Fostering a Culturally Congruent Acceptance of Critical Thinking among Nursing Professionals in an Extended Care Facility: Research among Multi-National Nursing Professionals
This presentation involves a non-experimental pre-test/post-test design with educational intervention to augment nurses’ critical thinking skills in an extended care facility in the United States. The educational intervention consisted of six one-hour sessions (one taught each month) based upon a critical thinking overview and one session each month originating from the ADPIE nursing process. The host facility had a high ethnicity ratio of 66.7% multi-national heritage to Caucasian nurses. It was anticipated that statistical findings from the study among three ethnic groups might better enable nurse educators to develop future educational programs suited to different ethnic cultures via 2 research questions exploring critical thinking comprehension between RNs and LPNs as well as among the 3 ethnic groups tested. Findings revealed a significant difference on readiness in implementation of critical thinking dispositions between RNs and LPNs with RNs apparently more ready to implement decision making, a hallmark of critical thinking. Statistical findings did not indicate a higher level of critical thinking skill following the 6 month course, nor better critical thinking comprehension by any of the ethnic groups tested.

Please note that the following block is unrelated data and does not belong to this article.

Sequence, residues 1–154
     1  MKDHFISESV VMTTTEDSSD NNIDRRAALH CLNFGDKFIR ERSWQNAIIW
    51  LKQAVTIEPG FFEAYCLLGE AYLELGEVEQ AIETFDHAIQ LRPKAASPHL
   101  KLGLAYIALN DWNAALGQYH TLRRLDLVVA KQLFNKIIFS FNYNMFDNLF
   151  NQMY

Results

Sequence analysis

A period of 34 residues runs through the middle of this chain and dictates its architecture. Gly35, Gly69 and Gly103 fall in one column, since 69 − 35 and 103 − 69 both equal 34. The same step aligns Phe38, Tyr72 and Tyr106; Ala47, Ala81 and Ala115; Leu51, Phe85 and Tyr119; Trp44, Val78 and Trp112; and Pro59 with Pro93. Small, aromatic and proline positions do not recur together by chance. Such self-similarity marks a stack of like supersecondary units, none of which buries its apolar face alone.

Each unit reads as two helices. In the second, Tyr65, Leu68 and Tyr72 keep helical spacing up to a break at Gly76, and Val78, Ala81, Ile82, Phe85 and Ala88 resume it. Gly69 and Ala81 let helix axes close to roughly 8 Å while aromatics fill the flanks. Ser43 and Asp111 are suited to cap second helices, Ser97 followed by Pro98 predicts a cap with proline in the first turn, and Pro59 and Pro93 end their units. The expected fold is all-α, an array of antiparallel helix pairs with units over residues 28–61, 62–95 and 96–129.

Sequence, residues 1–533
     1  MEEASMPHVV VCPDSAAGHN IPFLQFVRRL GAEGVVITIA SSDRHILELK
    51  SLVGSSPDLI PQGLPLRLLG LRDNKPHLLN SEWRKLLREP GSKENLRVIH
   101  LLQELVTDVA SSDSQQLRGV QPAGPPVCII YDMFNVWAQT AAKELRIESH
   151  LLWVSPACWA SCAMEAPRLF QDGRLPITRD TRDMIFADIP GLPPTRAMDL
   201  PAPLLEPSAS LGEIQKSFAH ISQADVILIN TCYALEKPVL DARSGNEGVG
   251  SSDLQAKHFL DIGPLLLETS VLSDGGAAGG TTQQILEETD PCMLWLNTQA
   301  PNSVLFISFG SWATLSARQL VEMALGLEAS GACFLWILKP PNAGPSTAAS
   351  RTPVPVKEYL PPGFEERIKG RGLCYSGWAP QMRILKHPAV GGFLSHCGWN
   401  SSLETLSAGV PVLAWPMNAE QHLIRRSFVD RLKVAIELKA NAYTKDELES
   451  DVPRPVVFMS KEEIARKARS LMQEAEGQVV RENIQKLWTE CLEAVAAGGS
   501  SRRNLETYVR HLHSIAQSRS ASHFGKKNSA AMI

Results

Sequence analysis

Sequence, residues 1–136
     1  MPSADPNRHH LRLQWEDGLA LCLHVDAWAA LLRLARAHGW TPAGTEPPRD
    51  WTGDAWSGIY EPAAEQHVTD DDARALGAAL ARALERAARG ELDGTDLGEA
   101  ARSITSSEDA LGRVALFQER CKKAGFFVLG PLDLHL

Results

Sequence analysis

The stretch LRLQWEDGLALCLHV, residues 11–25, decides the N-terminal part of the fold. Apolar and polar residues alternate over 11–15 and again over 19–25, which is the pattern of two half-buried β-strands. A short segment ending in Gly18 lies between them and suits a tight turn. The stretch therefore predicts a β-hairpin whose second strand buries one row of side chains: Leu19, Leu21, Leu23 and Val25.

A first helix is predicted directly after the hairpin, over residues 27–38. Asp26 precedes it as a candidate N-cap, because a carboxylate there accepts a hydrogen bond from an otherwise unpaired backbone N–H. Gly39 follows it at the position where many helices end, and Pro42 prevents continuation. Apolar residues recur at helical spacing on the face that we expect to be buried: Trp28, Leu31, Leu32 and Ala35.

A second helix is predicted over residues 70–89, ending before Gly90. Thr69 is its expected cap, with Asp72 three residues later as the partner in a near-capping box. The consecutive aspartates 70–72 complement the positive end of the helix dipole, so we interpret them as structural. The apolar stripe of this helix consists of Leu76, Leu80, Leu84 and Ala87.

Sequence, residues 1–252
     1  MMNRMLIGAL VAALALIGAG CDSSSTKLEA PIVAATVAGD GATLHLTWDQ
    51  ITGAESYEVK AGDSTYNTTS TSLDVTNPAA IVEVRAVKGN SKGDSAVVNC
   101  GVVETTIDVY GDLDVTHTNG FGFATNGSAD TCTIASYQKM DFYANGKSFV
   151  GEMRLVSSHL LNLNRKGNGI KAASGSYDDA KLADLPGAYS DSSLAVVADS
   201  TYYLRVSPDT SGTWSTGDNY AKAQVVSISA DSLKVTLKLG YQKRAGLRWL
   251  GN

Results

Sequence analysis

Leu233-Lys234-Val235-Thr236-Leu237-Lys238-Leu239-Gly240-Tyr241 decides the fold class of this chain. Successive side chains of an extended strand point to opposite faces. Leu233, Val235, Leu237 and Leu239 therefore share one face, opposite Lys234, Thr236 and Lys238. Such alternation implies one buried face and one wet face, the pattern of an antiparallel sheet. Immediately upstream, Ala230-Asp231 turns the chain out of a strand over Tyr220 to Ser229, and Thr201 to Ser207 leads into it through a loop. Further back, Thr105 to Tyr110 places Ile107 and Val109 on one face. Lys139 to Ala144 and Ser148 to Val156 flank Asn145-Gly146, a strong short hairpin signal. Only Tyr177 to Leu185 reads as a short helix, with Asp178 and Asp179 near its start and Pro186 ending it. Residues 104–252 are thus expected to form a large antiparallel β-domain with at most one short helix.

Keywords: Cultural Congruence, Critical Thinking Skills
Dr. Darlene Sredl
Teaching Associate Professor of Nursing, Barnes-Jewish Extended Care Medical Center, University of Missouri at St. Louis
Director of Nurses, Nursing, Barnes-Jewish Extended Care